by Renato Redentor Constantino
The mourning after, when life is at its most quiet, is the most difficult.
Despite a lifetime of insights generated by the woman whose all too early passing orphaned so many — lessons that spanned life, impermanence, and unfettered love — we are reminded of our inadequacy in the face of the finality of loss that death brings.
In place of the woman who once gave light to so many constellations, today there is only the lingering curve on pillows she once rested her head on. The gentle blazing sun that was once Mercy Fabros is no more. And yet those who have come to truly know her do not wonder why the sky remains bright. In her absence, we do not ask why our lives are undimmed by the pain of a life cut too short. For it is only her body that is laid to rest, not her shining memory.
“To touch and feel each thing in the world,” wrote the novelist Nicole Krauss, “to know it by sight and by name, and then to know it with your eyes closed so that when something is gone, it can be recognized by the shape of its absence. So that you can continue to possess the lost, because absence is the only constant thing. Because you can get free of everything except the space where things have been.”
Mercy passed away last May 16 at the age of 67 and was many things to many people. She was both mother and father, auntie and sister. She was a daughter to her mum and the storied land that nourished her. She was embraced deeply as a grandmother and Lamaze teacher, as a comrade, colleague, and friend.
Mercy Fabros was a revolutionary in the truest sense of the word. She celebrated life as a constant opportunity to lift up the lives of impoverished women while striking hammerblows against oppression with a passion that would shame the biggest blowhards today on the Left.
She was the opposite of the kind of leader the world has grown accustomed to, the type defined by swagger and demagoguery, a corrosive phylum of leadership that every now and then delivers changes that are unsurprisingly short-lived and often times self-defeating.
Mercy Fabros already embodied decades ago the values and politics that is today demanded by new women activists who reject formations that see women’s issues only as part of a national agenda instead of being accepted as central to radical social change. It is not surprising Mercy is held today in high regard by young feminists who consider it their mission to overthrow a ruling order that rewards the elite with more power while systematically carrying out programs of dispossession in poor communities.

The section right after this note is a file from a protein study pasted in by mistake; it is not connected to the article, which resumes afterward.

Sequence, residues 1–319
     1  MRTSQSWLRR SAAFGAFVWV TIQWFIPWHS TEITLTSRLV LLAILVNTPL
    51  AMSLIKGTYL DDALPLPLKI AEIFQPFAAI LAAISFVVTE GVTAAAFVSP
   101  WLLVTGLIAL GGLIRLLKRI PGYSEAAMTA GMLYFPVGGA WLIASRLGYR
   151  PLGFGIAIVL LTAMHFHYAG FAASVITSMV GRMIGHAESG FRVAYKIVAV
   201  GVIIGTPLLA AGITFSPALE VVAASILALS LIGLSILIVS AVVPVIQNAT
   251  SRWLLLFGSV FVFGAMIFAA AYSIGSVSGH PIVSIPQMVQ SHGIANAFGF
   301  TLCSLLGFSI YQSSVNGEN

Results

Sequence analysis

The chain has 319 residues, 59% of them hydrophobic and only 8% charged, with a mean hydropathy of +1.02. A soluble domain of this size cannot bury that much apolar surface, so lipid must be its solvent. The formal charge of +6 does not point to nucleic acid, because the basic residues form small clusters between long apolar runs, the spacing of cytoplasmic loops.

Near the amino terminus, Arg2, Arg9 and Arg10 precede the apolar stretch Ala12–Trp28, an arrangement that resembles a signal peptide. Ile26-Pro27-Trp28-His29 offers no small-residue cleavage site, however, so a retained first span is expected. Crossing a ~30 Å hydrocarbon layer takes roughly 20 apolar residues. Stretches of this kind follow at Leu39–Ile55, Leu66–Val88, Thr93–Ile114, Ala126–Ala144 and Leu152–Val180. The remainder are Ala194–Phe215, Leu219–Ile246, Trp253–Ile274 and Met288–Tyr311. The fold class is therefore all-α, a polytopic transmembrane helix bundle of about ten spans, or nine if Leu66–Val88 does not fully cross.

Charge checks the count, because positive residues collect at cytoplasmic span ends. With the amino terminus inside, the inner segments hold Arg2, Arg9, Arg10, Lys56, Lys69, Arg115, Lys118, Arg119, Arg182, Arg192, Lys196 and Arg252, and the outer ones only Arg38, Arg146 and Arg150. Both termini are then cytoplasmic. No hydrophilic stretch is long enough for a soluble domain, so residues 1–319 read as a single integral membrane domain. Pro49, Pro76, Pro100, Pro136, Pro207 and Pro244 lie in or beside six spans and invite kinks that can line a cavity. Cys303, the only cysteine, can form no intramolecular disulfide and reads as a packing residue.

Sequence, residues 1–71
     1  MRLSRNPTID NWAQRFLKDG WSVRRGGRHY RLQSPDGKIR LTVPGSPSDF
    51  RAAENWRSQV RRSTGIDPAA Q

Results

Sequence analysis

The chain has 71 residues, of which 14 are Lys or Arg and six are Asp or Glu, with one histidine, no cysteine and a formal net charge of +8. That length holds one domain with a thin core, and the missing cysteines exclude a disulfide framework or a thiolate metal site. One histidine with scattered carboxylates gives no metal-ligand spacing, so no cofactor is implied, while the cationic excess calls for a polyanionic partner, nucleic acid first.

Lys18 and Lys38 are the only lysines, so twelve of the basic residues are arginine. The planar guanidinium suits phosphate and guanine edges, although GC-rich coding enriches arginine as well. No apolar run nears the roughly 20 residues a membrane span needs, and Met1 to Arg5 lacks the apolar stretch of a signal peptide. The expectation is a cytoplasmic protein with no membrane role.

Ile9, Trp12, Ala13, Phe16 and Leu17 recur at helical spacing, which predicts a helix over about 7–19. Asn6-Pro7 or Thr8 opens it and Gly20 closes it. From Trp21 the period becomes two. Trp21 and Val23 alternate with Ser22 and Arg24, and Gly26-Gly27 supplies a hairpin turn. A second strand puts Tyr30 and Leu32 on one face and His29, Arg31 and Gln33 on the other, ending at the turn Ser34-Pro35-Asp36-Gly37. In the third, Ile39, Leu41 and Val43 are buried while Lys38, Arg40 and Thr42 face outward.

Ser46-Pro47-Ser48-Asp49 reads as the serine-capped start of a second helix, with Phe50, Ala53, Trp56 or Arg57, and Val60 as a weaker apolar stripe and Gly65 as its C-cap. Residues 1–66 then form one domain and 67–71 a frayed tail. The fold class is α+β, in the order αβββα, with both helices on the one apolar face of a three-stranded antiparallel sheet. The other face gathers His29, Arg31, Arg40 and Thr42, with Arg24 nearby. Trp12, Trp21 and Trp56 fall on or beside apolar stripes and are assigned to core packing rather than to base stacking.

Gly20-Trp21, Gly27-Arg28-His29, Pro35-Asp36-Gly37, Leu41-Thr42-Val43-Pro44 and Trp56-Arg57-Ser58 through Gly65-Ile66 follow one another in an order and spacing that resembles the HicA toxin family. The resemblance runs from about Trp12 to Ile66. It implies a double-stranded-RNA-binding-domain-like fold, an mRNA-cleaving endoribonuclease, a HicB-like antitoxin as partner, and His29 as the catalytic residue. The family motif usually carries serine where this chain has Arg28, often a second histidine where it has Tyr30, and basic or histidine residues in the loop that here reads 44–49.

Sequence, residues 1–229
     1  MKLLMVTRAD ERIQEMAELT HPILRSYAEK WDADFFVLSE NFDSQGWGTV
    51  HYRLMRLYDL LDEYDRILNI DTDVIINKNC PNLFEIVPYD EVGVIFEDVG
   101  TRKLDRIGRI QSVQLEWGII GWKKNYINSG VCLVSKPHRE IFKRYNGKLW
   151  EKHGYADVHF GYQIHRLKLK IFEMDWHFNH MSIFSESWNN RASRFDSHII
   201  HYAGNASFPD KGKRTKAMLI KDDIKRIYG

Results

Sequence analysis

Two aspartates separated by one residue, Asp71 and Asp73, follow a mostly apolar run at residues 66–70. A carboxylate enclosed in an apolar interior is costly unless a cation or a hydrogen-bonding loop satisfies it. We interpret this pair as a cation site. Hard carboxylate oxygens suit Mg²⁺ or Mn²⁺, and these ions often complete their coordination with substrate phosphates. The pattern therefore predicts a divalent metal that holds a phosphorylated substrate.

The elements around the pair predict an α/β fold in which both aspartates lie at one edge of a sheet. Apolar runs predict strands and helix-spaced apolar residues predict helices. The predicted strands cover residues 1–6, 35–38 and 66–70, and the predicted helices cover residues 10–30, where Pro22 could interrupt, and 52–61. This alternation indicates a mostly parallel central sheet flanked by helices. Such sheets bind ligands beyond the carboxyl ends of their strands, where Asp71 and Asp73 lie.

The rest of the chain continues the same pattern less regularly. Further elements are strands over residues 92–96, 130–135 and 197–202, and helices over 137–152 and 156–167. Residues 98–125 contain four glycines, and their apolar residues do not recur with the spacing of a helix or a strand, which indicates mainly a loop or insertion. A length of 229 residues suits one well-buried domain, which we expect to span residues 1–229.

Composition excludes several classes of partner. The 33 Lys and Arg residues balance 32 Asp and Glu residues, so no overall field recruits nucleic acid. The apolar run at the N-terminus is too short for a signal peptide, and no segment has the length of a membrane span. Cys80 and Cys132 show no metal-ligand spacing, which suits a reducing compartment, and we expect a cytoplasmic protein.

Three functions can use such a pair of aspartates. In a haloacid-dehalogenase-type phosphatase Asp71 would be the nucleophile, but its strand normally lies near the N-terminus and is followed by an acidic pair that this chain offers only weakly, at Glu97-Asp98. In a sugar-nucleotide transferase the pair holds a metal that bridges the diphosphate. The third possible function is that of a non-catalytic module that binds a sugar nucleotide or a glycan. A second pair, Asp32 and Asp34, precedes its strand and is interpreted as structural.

She was part of the nationwide resistance that helped bring down the brutal Marcos dictatorship and she fought to kick out of the Philippines the US military bases. But her activism went far beyond popular national issues. Her sense of citizenship came from a deeper well.
While struggling to bring down the tyrannical regime, Mercy founded in the early 80s the Nursing Mothers Association of the Philippines, which helped give birth to a national coalition that advanced the protection and promotion of breastfeeding, an advocacy that was eventually instrumental in the passage of the Milk Code, which promoted breastfeeding education and which regulated the marketing of infant formula. Mercy was a ferocious opponent of sexual harassment and she was one of the most active campaigners fighting for sexual and reproductive health rights. It surprised none when Mercy added the climate crisis to her core struggles. And her answer to the coronavirus pandemic was to wield the sword she had held for decades: healthcare for all, and for women and the poor most of all.
Mercy preferred to be on the ground, interacting with the unconvinced even when dealing with the bad bacteria of misogynists, always fully engaged and fighting in the weeds in order to work closely with advocates many of whom did not identify themselves as part of the leftist millieu. The duty was not to stand out but to plant seeds and to spread spores.
As Mercy often told her children, “We (activists) do not have the monopoly of love of country.” And she is correct.
Her daughter, May-i, who inherited her mother’s lovely grace, once wrote of mum’s regular reminder, which was to be kind and gracious especially during difficult times. Through decades of engaging government, wrote May-i, Mercy learned “to never let go of the hands of the people who tirelessly work within the bureaucracy to ensure that the policies and programs will be for and by the people. Democracy is not easy. It requires continuous conversation and dialogue even when you disagree. At the darkest of times, her faith in people to work for the common good is is tested. But Nanay doesn’t flinch. She is resolute in her belief in humanity and democracy.”
When the distinguished evolutionary biologist William Donald Hamilton died in 2000 at the age of 63, his partner, the science writer Luisa Bozzi, wrote in Hamilton’s headstone something appropriate to paraphrase as we recall Mercy’s endowment to us of a life well-lived:
As your body merges with the earth, from here you will reach again your beloved forests, you will live not only in a beetle but in billions of spores of fungi and algae brought by the wind higher up in the troposphere, all of you will form the clouds and wandering across the oceans will fall down and fly up again and again till eventually a drop of rain will join you to waters rushing through flooded forests, stardust merging with the elements of stars yet to be. Immortal.
Photo from PINSAN